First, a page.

Harriet Beecher Stowe
born June 14, 1811 in Litchfield, Connecticut
died July 1, 1896 in Hartford, Connecticut
Harriet Beecher Stowe was one of the most popular American writers of the 19th century. Today she is best known for her anti-slavery novel Uncle Tom’s Cabin, which was printed in over 40 languages, but she also produced several other novels and numerous short stories. She often took inspiration from her experiences growing up in a large, devoutly religious family in Protestant New England. Stowe’s father, Lyman Beecher, was a Congregational minister, known for his evangelical sermons and moral reforms; Roxana Foote Beecher, mother of Stowe’s eight full siblings, was a well-read and educated woman in an age when few women were literate. She died when Stowe was four, leaving Catharine, her oldest daughter, to fill the maternal role for Stowe for the rest of her life.
Born into an intelligent and ambitious family, Stowe received an unusually rich education for a girl. She read avidly in her father’s study any material she could find: old sermons, theological texts, and a tattered old copy of Arabian Nights. She benefitted from the pioneering spirit of her sister Catharine, a believer in equal educational opportunities for women, who opened a school for girls in Hartford, Connecticut. Stowe studied and later taught at her sister’s seminary, learning such subjects as math, history, geography, logic, moral philosophy, and Latin. Stowe’s religious and moral education progressed as well, and at the age of thirteen, she confessed to her father that she had experienced conversion after one of his sermons. Religion was a powerful force throughout her life, a theme running through her writing, and the source for continuous self-investigation and dissatisfaction with the state of her soul.
When Lyman Beecher accepted the position of president at Lane Theological Seminary in Cincinnati in 1832, both Catharine and Harriet moved with the family to Ohio. There Stowe wrote a children’s geography text which Catharine used in her new school, where Stowe continued to teach. Both sisters joined the Semi Colon Club, a literary club sponsored by their uncle; Stowe was able to take part in frequent literary discussions and found an instant audience for her work. There she met Calvin Stowe, a professor and theologian, whom she married in 1836.
Harriet Beecher Stowe had seen her fiction first published in the Western Monthly Magazine in 1834 upon winning a contest for her story "Uncle Lot"; now she continued to produce little stories and serials to provide additional money for the ever poor and ever expanding Stowe household; within the first four years of her marriage, Stowe gave birth to four of her seven children. She began contributing to one of the most popular and prestigious women’s magazines, Godey’s Lady’s Book, in the 1840s, and by 1843, a collection of her stories was published under the title The Mayflower. She began writing her most famous work, Uncle Tom’s Cabin, in installments for the magazine National Era in 1851; it was finally finished and published a full year later.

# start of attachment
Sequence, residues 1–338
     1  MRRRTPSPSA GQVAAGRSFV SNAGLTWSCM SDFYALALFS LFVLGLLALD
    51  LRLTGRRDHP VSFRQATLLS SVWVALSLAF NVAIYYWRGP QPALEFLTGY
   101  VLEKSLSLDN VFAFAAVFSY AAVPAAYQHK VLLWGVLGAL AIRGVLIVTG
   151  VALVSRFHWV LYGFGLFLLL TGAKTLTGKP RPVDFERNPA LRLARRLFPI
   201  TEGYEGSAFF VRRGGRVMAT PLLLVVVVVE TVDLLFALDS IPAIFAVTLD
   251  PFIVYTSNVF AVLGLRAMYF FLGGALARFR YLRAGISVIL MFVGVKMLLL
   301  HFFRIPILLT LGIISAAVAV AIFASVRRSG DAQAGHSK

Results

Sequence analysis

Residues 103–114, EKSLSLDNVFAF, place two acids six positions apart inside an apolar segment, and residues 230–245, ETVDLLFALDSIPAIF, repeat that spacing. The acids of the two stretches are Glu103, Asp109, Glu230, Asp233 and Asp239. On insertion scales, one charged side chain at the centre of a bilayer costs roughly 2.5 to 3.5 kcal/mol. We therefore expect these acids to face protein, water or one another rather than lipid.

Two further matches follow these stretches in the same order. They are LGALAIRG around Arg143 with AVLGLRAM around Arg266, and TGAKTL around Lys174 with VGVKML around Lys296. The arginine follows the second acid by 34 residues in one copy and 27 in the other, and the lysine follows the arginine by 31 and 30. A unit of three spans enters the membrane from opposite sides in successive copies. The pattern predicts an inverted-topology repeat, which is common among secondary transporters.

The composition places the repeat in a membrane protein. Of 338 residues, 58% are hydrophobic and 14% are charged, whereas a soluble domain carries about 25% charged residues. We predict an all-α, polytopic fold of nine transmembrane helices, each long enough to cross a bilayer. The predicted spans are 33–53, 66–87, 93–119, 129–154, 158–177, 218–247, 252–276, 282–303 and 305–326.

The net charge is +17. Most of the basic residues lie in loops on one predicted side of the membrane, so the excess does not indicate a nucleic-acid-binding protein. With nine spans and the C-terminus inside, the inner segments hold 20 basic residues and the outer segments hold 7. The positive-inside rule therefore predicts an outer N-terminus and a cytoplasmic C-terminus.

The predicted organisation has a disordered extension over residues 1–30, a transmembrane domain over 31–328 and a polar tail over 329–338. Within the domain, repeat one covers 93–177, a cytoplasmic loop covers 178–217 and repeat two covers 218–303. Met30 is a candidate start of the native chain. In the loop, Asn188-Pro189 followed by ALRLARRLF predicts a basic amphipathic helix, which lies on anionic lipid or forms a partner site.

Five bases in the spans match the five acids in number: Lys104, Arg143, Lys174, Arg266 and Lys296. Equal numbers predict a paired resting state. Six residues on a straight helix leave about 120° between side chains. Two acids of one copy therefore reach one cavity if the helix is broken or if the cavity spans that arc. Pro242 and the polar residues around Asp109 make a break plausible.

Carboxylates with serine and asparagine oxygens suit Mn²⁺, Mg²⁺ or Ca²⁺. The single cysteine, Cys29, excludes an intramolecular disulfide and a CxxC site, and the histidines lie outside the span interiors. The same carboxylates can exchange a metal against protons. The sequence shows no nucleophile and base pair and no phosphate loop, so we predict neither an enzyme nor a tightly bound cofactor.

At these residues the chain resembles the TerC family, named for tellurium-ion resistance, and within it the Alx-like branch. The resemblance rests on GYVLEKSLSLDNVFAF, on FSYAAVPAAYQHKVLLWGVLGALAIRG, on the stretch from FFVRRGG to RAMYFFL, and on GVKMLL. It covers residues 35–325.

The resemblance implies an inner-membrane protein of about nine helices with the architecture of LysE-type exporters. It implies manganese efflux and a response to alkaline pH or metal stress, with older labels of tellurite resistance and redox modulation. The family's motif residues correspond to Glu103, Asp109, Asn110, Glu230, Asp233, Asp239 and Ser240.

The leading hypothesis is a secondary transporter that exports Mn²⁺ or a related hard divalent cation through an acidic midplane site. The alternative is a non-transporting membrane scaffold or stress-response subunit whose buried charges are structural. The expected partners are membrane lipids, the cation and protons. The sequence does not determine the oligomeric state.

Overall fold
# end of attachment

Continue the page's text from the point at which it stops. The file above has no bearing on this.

Stowe’s antislavery convictions were originally inspired by her father’s evangelical Christian beliefs in human equality, but were brought to fruition especially by the move to Cincinnati, where Stowe was able to witness closely the brutality and pathos of the slave system and the increasingly violent clashes between abolitionist and pro-slavery factions. Stowe did not side absolutely with the abolitionists, but rather felt that the Southern slave owners too were victims of the system and had to be peacefully extricated from their ownership of other humans. Her book won instant acclaim, and earned her hatred from the South. Stowe wrote the factual Key to Uncle Tom’s Cabin in response to the critical and pro-slavery literature that sprang up immediately. The sudden enormous fame and popularity of the novel ensured the success of her subsequent works, in most of which she returned to the familiar landscapes and characters of her New England Protestant heritage. Among the most praised are Dred: A Tale of the Dismal Swamp (1856), The Minister’s Wooing (1859), The Pearl of Orr’s Island (1862), Agnes of Sorrento (1862), Palmetto Leaves (1873), Poganuc People (1878). She began writing fiction for the Atlantic Monthly, a new magazine, in 1857, which she continued for the remainder of her active career.
Throughout her career, Stowe was encouraged and supported by her husband and family. She helped her youngest child Charles write her first official biography in 1889. Becoming senile at the end of her life, Stowe wrote, "my brain is tired out;" she died of brain congestion on July 1, 1896 in Hartford.
For additional information please consult the German version.
“Are there any lives of women?”
“No, my dear,” said Mr. Sewell; “in the old times, women did not get their lives written, though I don’t doubt many of them were much better worth writing than the men’s.”(HBS, from The Pearl of Orr’s Island)
I wrote what I did because as a woman, as a mother I was oppressed and broken-hearted, with the sorrows and injustice I saw, because as a Christian I felt the dishonor to Christianity - because as a lover of my country I trembled at the coming day of wrath.
It is no merit in the sorrowful that they weep, or to the oppressed and smothering that they gasp and struggle, not to me, that I must speak for the oppressed - who cannot speak for themselves. (HBS on Uncle Tom’s Cabin in a letter to Lord Denman, January 20, 1853)
Hedrick, Joan D. 1994. Harriet Beecher Stowe: A Life. New York. Oxford UP.
Young, ELizabeth. 1999. Disarming the Nation: Women’s Writing and the American Civil War. Chicago. University of Chicago Press.
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